They are the kind of results that suggest something is physically wrong with Clay Buchholz. Only a pulled muscle, stretched ligament or some other injury can explain his alarming earned run average and the kind of flat pitches opposing hitters can’t wait to swing at.
Only that’s not it, Buchholz said Wednesday night after giving up another pile of runs and a succession of hard-hit balls to all corners of Fenway Park. It’s something far less easy to explain.
“There’s absolutely nothing physically bothering me,” he said after the Toronto Blue Jays beat the Red Sox, 6-4. “It’s tough to go out there and when you miss with one pitch it gets hit every time. That’s sort of where I’m at right now.”
Buchholz was one of the best pitchers in baseball a year ago at this time. His first 12 starts were so powerful and precise he was picked for the American League All-Star team.
Now he’s lost. Buchholz is 2-4 with a 6.32 ERA and the Red Sox have won only three of the nine games he has started. Buchholz is one of the primary reasons the Red Sox are 20-25 and have lost six straight.
A pitcher the team saw as one of its pillars has become a detriment to a rotation that earlier on Wednesday lost Felix Doubront to the disabled list with a sore shoulder.
Doubront can disappear for a few weeks, get well, and figure it out. Buchholz, manager John Farrell said, will start his next game as scheduled on Monday against the Atlanta Braves.
“There’s no plan at this point to remove him from the rotation,” Farrell said. “It’s upon us to make the necessary adjustments to eliminate the number of mistakes.”
Buchholz allowed five runs, four earned, on nine hits against Toronto before being lifted in the fifth inning. In his last three starts, the righthander has given up 13 earned runs on 29 hits over 15 innings.
Wednesday was the fourth time already this season Buchholz wasn’t able to complete five innings. He laughed when asked how hard it’s been for him to stay positive.
“Pretty hard,” he said.
But Buchholz snapped a quick answer when asked if he felt frustration.
“Would you? Yeah, I’m frustrated,” he said.
Buchholz felt his stuff was sharp and his velocity consistent. He insisted, results aside, that he threw some good curveballs, cutters, and sinkers. Farrell agreed there was improvement but not nearly enough.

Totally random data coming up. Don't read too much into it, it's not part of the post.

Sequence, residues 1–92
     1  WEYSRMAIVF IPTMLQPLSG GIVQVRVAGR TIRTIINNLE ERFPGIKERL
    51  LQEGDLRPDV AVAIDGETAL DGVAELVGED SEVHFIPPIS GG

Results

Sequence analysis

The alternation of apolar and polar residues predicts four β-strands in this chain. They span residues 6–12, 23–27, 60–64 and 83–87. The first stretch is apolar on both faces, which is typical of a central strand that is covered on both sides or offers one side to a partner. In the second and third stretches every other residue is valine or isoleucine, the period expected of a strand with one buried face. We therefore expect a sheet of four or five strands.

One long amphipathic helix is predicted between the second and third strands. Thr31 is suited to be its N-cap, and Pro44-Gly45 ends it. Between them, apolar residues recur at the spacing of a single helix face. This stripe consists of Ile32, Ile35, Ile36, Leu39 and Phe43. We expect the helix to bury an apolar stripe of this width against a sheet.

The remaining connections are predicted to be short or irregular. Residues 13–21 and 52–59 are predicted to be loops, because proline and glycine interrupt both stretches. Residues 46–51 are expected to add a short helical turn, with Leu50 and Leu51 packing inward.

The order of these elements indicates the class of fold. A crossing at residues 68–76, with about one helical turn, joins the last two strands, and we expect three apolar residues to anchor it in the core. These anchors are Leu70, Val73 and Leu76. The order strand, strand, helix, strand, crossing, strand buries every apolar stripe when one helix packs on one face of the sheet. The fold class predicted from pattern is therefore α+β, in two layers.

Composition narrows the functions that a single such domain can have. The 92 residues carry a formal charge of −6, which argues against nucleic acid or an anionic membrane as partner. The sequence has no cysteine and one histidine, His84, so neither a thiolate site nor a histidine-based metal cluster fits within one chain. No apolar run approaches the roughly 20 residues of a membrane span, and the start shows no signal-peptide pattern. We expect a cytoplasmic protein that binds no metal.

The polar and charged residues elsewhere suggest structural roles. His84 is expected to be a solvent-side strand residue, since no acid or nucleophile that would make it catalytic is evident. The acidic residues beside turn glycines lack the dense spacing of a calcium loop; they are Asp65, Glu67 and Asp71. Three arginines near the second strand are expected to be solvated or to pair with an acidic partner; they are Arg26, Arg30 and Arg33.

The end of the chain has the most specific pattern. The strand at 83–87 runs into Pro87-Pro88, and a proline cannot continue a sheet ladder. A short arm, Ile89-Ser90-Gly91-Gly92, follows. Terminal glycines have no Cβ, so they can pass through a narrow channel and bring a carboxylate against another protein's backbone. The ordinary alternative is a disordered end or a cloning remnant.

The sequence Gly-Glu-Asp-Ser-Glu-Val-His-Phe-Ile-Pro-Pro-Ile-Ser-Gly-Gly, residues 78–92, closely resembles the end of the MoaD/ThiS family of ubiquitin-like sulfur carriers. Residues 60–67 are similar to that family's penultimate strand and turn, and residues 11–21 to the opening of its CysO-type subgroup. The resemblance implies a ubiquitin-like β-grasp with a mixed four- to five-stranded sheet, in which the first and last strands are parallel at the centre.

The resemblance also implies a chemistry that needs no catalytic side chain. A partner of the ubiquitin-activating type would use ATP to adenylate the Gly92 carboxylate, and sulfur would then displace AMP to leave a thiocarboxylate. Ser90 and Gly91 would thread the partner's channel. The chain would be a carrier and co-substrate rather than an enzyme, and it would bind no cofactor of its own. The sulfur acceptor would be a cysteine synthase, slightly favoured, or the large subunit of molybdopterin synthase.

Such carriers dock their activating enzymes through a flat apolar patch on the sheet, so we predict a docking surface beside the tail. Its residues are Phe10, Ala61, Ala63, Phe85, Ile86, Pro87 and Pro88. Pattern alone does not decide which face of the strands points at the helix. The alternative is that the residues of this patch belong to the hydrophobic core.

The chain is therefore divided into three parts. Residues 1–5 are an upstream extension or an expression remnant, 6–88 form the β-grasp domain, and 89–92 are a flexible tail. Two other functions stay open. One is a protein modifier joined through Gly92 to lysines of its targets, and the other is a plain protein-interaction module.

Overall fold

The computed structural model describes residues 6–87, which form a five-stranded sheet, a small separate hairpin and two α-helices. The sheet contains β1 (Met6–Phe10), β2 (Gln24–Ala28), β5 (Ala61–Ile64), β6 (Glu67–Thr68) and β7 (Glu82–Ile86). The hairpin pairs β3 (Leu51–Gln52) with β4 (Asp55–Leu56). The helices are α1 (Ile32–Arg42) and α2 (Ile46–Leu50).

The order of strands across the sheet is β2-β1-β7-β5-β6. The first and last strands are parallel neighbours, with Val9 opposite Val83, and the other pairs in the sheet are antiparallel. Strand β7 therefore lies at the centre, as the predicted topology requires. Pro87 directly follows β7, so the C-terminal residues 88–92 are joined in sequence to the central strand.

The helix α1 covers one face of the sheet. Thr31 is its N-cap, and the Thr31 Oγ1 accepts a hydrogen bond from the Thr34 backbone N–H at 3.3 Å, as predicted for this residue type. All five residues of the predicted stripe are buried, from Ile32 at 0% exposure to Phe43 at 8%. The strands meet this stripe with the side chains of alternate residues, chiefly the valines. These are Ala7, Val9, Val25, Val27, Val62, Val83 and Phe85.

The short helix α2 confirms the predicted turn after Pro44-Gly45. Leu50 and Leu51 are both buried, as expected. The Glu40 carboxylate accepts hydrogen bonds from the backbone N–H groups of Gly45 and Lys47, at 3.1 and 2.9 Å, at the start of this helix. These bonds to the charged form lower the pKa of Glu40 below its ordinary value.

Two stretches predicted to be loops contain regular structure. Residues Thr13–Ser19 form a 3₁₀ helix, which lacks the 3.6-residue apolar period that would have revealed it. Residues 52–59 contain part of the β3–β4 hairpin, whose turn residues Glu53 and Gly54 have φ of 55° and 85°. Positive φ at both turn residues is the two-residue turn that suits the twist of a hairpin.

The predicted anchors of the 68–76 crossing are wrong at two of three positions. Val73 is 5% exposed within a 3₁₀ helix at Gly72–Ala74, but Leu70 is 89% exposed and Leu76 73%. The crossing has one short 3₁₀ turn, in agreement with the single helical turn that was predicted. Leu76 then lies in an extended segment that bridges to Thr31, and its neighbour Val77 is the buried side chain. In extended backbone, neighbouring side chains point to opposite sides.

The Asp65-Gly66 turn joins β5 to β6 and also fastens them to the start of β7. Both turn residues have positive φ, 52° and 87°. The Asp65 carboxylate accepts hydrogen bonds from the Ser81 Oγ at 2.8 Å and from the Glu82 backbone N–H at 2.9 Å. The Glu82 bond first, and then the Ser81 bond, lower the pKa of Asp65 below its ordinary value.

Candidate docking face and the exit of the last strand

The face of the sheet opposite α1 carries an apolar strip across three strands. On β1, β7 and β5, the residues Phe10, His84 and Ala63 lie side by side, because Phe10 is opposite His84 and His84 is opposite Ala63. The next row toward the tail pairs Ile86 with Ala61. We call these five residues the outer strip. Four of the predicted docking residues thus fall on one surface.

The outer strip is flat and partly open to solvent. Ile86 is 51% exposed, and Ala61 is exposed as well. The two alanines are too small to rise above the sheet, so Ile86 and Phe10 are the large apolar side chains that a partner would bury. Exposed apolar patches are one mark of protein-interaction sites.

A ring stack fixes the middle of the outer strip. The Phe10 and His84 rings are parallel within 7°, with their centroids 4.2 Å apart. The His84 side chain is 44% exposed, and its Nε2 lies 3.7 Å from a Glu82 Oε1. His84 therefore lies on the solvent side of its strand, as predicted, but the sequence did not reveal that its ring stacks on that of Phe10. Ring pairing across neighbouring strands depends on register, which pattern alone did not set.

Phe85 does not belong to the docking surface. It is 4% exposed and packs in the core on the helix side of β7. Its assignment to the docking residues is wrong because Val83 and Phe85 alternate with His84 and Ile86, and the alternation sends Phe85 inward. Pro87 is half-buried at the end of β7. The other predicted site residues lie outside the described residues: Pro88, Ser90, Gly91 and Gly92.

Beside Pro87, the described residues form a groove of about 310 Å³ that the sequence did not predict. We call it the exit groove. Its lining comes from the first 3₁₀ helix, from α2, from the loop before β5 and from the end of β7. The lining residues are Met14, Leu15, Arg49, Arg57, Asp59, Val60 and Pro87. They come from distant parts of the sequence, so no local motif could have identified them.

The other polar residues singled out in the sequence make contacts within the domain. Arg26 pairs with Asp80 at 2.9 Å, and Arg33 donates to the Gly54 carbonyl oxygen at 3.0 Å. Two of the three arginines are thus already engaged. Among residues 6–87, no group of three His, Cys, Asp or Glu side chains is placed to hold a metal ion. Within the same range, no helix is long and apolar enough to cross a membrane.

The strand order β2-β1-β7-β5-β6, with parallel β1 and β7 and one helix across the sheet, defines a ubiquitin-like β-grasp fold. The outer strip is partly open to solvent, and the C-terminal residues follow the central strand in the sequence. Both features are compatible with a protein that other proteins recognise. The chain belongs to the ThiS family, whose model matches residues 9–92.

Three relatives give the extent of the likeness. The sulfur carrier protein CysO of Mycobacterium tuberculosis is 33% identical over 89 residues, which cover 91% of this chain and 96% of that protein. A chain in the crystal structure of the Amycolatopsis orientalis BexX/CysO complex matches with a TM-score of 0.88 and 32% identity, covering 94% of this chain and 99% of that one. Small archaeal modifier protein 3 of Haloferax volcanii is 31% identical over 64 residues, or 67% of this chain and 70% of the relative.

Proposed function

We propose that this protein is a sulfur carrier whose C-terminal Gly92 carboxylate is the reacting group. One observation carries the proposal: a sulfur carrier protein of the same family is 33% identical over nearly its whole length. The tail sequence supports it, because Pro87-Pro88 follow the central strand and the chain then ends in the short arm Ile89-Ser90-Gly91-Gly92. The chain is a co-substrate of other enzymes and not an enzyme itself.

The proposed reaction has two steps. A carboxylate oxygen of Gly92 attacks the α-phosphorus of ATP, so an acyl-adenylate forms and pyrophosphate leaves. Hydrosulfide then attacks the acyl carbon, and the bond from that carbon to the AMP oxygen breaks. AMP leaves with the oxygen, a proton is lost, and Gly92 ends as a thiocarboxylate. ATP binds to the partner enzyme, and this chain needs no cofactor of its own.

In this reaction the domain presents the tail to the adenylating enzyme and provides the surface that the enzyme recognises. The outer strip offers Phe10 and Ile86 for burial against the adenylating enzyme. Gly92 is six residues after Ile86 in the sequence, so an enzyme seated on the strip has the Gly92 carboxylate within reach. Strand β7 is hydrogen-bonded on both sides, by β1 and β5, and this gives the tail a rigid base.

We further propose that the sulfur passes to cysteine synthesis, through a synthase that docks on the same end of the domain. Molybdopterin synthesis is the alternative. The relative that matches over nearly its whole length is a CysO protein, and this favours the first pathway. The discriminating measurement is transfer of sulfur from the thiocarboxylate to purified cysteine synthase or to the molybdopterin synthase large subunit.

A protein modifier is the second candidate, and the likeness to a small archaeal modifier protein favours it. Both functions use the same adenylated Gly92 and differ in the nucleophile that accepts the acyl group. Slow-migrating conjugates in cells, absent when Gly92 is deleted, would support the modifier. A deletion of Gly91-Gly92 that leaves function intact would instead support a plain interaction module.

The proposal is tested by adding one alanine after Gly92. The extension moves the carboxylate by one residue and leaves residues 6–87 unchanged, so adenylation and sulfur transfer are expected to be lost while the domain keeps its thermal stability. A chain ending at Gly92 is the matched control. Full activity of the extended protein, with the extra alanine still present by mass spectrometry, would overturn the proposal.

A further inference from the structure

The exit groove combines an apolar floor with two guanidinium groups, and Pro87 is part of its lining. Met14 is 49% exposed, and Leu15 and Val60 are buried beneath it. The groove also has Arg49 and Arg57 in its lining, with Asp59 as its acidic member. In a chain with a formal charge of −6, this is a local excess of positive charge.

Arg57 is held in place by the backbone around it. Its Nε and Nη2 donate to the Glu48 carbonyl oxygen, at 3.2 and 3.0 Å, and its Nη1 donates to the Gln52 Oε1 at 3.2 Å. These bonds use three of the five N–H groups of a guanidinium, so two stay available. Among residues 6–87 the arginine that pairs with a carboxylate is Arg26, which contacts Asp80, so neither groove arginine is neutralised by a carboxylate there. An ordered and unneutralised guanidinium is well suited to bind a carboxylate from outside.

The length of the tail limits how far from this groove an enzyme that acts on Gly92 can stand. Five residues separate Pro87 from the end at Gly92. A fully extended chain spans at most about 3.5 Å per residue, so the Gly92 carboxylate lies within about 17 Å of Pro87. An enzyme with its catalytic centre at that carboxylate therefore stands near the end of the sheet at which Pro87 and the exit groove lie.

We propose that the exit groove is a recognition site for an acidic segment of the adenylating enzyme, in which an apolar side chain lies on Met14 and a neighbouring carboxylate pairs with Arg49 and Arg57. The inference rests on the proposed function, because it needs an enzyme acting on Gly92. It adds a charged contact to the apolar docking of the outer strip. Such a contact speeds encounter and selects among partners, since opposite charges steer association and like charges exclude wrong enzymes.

“We’ve got to make either an adjustment or a correction mechanically,” Farrell said. “Too many misfires up to the arm side [of the plate].”
Buchholz was asked what needed fixing.
“I guess that’s the question. I don’t know,” he said. “Obviously, I’m trying. I’m not going out there trying to give up home runs to every guy who walks up to the plate.”
Yet Edwin Encarnacion belted a solo shot in the second inning and a two-run homer in the third after Adam Lind lined a triple to the triangle in center field.
An error led to an unearned run in the fifth inning, but Buchholz missed a chance to end the inning by allowing a two-out RBI single by No. 8 hitter Dioner Navarro.
That ended his night after 90 pitches. Some in the crowd of 36,116 booed as he walked to the dugout.
Encarnacion has hit four home runs in the first two games of the series and has 13 on the season. He has four multi-home run games this month, the most since Troy Tulowitzki of the Rockies had four in September 2010.
The Red Sox are 10-16 at Fenway Park with five consecutive losses for the first time since the 2012 team abandoned ship that August. The defending World Series champions have dropped seven of eight overall yet are only four games out of first place.
The lineup showed signs of life with 11 hits. Xander Bogaerts was 3 for 4 with two doubles and an RBI. He is up to .283 on the season with a .782 OPS. Mike Carp was 2 for 3 with two doubles and a walk. A.J. Pierzynski added three hits, one more than he had in his previous seven games.
The Sox, trailing, 6-1, gave the remnants of the crowd some excitement in the eighth inning. Carp doubled in a run and scored when Bogaerts doubled high off the wall in left field. Brock Holt followed with an RBI single.
But Grady Sizemore, 0 for 4 after being chosen as the latest leadoff hitter, struck out on three pitches before Dustin Pedroia grounded out.
Pierzynski singled with two outs in the ninth against closer Casey Janssen. Shane Victorino, who homered earlier, grounded into a force.
Toronto starter Drew Hutchison (3-3) allowed one run on six hits over 5⅔ innings.
The Red Sox will have Jon Lester on the mound Thursday afternoon, a good candidate to prevent the first 0-6 homestand since 1994.
“Oh, man. It has to get better,” Bogaerts said.Peter Abraham can be reached at firstname.lastname@example.org. Follow him on Twitter @PeteAbe.